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Phuket Opinion: The vanishing tax

PHUKET: This week Phuket’s life guards called on hotels to have their staff join surf-rescue training, a call that makes irrefutable sense, considering it is tourists’ lives at stake – the very lifeblood of all hotels on the island.

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By The Phuket News

Sunday 2 July 2017, 09:00AM


There are no excuses worth listening to that prevent Phuket from getting professionally trained lifeguards who will save people's lives. Photo: Tanyaluk Sakoot

There are no excuses worth listening to that prevent Phuket from getting professionally trained lifeguards who will save people's lives. Photo: Tanyaluk Sakoot

The call comes amid budget cuts for the lifeguards, which have been slashed by 10%, down to B19.8 million per year for the next three years – starting this year. The lifeguards, despite losing a growing number of volunteers who take higher paying jobs in order to support their families, went ahead with providing their critical service and make do with whatever budget they have.

But lost in the history of all this is how Phuket’s lifeguards are actually funded – through a 1% tax on all room rates charged on the island – a tax introduced by the Phuket Provincial Administration Organisation (PPAO, or “OrBorJor”) way back in 2000.

Yet much of this 1% is not collected, simply because many hotels refuse to pay. It’s not only the “illegal” hotels, many legitimate hotel operators openly refuse to pay it too, over concerns about the lack of transparency and the fact that hotels subject to the tax have no say in how it is spent.

Fast forward to present day, and as of Dec 2016 the Tourism Ministry estimates that Phuket has a total of 81,727 licensed and non-licensed hotel rooms, taking their best guess at the number of illegal hotels and private rentals.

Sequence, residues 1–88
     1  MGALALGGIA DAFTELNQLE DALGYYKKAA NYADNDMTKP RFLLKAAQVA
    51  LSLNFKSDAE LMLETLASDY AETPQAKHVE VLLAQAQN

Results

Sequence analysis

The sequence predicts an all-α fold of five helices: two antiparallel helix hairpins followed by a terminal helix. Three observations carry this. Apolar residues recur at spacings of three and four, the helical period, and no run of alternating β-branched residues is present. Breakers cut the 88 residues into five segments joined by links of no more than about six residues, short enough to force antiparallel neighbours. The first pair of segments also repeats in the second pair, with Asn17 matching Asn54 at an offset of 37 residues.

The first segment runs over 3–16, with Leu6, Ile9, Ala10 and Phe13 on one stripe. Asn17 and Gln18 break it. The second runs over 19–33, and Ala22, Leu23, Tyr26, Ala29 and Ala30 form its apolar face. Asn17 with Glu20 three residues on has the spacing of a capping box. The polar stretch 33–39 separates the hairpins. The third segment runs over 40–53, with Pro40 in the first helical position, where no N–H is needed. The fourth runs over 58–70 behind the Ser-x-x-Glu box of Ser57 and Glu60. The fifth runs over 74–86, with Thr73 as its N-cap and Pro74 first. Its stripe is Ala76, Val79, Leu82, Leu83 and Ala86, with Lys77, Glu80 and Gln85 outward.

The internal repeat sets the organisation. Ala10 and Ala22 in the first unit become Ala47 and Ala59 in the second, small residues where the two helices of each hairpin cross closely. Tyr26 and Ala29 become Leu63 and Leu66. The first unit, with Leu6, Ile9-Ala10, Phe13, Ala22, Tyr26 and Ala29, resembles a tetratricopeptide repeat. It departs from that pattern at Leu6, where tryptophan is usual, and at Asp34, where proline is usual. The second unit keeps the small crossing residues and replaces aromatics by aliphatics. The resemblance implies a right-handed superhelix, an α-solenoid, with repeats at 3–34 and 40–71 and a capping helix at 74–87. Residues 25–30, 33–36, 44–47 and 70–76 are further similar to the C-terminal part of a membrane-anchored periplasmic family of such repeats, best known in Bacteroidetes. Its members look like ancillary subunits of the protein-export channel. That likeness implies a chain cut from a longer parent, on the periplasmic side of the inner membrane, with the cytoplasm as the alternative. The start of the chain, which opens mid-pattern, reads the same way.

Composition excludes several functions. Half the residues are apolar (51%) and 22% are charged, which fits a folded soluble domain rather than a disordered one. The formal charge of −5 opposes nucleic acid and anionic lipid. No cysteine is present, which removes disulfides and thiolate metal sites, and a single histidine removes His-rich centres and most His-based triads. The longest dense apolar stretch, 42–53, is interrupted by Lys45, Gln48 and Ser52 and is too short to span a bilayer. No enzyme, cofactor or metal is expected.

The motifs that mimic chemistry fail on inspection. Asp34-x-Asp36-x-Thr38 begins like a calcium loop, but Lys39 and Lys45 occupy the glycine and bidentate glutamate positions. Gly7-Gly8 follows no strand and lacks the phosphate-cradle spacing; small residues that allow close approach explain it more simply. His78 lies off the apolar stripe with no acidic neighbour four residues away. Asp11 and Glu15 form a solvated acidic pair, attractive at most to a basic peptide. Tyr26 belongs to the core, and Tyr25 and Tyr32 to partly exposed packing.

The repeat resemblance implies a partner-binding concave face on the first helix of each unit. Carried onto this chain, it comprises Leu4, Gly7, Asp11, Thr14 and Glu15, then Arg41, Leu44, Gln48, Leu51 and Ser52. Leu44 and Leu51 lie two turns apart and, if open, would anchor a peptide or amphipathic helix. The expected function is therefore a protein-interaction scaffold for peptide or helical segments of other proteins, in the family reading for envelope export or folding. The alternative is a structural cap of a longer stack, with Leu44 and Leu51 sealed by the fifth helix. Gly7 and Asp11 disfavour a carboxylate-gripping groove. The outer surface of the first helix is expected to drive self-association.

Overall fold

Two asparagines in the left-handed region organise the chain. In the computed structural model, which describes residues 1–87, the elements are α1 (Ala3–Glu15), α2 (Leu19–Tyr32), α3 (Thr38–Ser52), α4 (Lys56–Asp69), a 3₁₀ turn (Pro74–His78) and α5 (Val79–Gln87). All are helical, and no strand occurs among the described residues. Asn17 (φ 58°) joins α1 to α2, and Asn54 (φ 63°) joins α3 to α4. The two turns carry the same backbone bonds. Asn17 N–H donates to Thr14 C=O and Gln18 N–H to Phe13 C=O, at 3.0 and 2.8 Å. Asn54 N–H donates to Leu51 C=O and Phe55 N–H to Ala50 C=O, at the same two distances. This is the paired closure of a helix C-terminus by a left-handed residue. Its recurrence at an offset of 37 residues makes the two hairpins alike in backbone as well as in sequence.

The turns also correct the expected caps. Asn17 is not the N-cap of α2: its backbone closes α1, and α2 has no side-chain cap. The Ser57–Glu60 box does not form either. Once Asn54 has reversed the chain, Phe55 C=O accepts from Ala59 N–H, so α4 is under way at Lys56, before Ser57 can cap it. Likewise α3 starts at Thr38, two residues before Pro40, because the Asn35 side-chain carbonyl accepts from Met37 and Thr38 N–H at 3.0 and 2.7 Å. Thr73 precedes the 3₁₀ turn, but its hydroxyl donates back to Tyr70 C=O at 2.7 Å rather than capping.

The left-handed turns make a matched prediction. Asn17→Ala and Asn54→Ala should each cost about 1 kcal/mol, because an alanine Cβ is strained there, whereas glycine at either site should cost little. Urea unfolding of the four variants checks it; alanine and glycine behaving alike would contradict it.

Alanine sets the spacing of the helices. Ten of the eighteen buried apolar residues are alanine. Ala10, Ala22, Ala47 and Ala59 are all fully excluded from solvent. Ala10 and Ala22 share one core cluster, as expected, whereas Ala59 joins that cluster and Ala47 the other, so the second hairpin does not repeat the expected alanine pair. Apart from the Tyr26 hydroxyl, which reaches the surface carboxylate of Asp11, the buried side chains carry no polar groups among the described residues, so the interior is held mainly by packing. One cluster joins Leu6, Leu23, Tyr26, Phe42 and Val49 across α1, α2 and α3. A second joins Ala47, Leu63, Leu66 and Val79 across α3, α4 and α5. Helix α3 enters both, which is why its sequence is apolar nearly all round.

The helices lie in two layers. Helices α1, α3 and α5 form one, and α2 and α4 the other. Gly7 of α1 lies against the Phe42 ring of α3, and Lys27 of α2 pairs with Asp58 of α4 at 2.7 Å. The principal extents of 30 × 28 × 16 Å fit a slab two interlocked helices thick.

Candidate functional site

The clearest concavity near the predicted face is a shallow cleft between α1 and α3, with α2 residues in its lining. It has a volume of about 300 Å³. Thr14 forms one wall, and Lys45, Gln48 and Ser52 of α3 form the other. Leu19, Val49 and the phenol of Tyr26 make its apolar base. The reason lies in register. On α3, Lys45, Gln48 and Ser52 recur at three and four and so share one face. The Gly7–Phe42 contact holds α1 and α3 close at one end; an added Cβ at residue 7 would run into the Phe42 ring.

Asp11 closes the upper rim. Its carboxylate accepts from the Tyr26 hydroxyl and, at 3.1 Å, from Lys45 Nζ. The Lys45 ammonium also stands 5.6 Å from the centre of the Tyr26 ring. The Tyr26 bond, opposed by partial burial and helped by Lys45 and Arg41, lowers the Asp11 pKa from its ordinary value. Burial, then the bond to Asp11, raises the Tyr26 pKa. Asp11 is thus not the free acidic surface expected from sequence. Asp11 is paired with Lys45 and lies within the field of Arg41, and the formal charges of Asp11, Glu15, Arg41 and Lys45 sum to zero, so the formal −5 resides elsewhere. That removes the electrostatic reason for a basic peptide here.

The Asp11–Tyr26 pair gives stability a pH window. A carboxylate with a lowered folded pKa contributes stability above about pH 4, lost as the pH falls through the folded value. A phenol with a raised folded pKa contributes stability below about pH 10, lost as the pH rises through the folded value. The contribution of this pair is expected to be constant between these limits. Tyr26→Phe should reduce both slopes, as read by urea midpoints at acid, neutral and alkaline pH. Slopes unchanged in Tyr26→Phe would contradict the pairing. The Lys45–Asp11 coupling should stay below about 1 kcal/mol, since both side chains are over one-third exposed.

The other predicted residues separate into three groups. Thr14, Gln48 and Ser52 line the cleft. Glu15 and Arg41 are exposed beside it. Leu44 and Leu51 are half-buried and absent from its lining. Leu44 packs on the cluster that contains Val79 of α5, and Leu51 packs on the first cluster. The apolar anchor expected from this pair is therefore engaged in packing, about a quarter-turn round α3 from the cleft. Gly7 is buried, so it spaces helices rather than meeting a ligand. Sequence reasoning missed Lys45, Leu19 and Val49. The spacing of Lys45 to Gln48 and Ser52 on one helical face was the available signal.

Right now Phuket is waiting on Bangkok to act, especially after International Surf Lifesaving Association President Henry Reyes made his direct appeal to PM Gen Prayut Chan-o-cha earlier this year. On that note, kudos to Deputy Prime Minister Thanasak Patimapragorn for stepping in to support the Phuket Lifeguard Service.

Even the most measly projections show that the PPAO, through the room rate tax, has the funds to support our lifeguards; they are just choosing not to do so. For that they should be flamed.

But that doesn’t let hotels off the hook either. None of these reasons are an excuse for any Phuket hotels to not pony up – or at least stepping up – to save the lives of their very own “guests”. Paying the room rate tax removes any excuse the PPAO might dream up for not doing its part.

Hotels should start paying this tax or start helping to protect swimmers at our beaches, or they should be publicly shamed for not doing so.

 

 

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